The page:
The following blog post was written by Tahira Ebrahim, Centre Liaison Officer at the Centre for Excellence in Immigrant and Intercultural Advancement. Tahira recently planned and facilitated the VESL workshop The I in Diversity.
Since 2005, VESL (the Volunteer ESL Tutor Training Project) has supported the professional development of volunteer ELL tutors throughout the city of Calgary. The project is funded by Calgary Learns and is the collaborative effort of three Calgary ELL service providers with long standing volunteer programs: Bow Valley College, the Calgary Public Library, and the Calgary Catholic Immigration Society.
I recently had the opportunity to facilitate a VESL workshop on understanding personal dynamics within diverse settings. The session examined the role we see ourselves taking in engaging with diversity. The workshop offered strategies to question the assumptions we hold about ourselves and others.
As part of the workshop, I provided a tip sheet for volunteer tutors on engaging with learners. I want to focus on one particular concept in this handout that focuses on asking responsible questions. This idea of responsible questions was new to me, yet the concept itself is something I have given a lot of thought to. At times we may find ourselves in limbo when engaging with someone. We fear offending people around us by saying something incorrect, but at the same time are unsure of how to go about engaging in dialogue without offending.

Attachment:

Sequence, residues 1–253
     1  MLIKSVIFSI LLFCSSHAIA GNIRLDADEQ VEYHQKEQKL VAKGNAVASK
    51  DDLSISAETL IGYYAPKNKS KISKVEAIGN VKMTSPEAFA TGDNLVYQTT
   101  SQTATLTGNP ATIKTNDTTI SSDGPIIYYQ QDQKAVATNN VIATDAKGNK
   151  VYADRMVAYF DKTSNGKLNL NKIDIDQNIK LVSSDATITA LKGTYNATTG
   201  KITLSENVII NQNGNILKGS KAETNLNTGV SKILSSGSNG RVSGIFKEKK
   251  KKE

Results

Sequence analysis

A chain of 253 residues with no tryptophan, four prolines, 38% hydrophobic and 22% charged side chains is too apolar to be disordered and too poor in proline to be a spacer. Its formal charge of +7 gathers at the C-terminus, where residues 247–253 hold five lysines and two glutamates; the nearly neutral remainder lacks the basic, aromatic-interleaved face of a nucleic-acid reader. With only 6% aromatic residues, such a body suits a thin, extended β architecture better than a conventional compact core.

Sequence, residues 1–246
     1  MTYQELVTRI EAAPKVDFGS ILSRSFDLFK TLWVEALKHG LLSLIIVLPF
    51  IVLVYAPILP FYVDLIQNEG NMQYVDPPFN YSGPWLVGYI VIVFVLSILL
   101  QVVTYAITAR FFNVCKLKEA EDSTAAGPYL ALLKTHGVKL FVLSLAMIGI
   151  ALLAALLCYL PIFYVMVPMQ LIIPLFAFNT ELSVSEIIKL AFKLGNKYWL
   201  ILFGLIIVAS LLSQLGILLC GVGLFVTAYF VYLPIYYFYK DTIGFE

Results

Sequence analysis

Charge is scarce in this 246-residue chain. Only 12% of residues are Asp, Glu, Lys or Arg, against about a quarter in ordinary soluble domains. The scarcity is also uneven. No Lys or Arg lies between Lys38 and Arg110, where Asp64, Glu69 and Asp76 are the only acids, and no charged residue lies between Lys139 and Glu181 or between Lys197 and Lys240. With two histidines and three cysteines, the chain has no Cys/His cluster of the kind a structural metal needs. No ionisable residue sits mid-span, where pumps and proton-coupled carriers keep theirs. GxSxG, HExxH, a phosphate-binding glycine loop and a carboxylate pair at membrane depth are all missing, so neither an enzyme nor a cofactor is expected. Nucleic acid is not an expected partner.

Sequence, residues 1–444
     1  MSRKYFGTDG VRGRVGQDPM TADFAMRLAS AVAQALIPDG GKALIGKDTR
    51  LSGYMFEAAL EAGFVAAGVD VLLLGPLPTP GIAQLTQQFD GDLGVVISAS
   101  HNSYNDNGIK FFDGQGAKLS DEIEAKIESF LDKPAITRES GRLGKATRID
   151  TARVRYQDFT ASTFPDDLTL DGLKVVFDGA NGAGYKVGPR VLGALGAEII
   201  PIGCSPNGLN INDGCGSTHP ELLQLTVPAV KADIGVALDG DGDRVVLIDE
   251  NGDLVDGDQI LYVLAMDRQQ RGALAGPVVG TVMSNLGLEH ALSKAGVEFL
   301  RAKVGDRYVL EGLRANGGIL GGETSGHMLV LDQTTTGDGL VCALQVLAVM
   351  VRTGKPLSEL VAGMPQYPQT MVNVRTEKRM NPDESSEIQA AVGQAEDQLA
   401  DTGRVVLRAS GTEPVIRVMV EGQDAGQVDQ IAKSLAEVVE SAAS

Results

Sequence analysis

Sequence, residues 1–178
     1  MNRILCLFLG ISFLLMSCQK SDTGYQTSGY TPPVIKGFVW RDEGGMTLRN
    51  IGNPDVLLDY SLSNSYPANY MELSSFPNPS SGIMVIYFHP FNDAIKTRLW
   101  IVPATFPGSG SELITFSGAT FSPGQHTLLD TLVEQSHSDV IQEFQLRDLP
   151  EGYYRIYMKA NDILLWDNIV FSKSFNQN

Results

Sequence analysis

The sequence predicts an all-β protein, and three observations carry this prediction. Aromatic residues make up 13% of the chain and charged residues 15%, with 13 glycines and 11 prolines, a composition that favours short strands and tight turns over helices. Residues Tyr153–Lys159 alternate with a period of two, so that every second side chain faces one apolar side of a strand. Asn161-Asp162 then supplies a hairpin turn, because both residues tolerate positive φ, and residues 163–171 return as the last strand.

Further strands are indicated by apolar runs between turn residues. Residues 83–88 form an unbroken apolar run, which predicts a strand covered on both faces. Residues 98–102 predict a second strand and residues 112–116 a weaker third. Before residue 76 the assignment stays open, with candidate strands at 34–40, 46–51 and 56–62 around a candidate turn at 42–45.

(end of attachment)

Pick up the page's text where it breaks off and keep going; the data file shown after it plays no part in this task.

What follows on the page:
The first step to connection will almost always come in the form of a question. So how do we ask questions, without being insensitive?
We start by asking responsible questions. A responsible question recognizes our inherent lack of understanding about a particular person, and it requires both humility and self-acceptance in not knowing.
When asking a responsible question, ensure that you are asking someone a question that pertains to the individual and his/her experience. Avoid asking a question like “Why do you all….”, or “How come your community….”, as it implies that you require one person to speak on behalf of an identity or community that they may or may not associate with. Asking someone to be the spokesperson of a community makes the assumption that everyone in the community is the same, which they are not.
A responsible question avoids imbedding an assumption within the question. The question, “How come your community…” includes an assumption that everyone in a community engages in the same behavior or belief. Here are some ideas on how to pose the question to ensure that you are asking the person about something specific to them, rather than about an entire group of people:
- “May I ask about….”
- “If it’s okay, I would be really interest in learning more about…”
- “May I ask about the significance of your…”
Asking permission to ask a question makes clear that you do not expect an answer. It acknowledges that the person does not have to provide an explanation, particularly when it comes to their identity.
What are other ways that you have learned to ask responsible questions? What kind of questions have you asked that have opened up new connections and dialogue?
Visit the VESL Network to learn about upcoming VESL workshops and download information, handouts, and resources from over twenty previously held VESL workshops.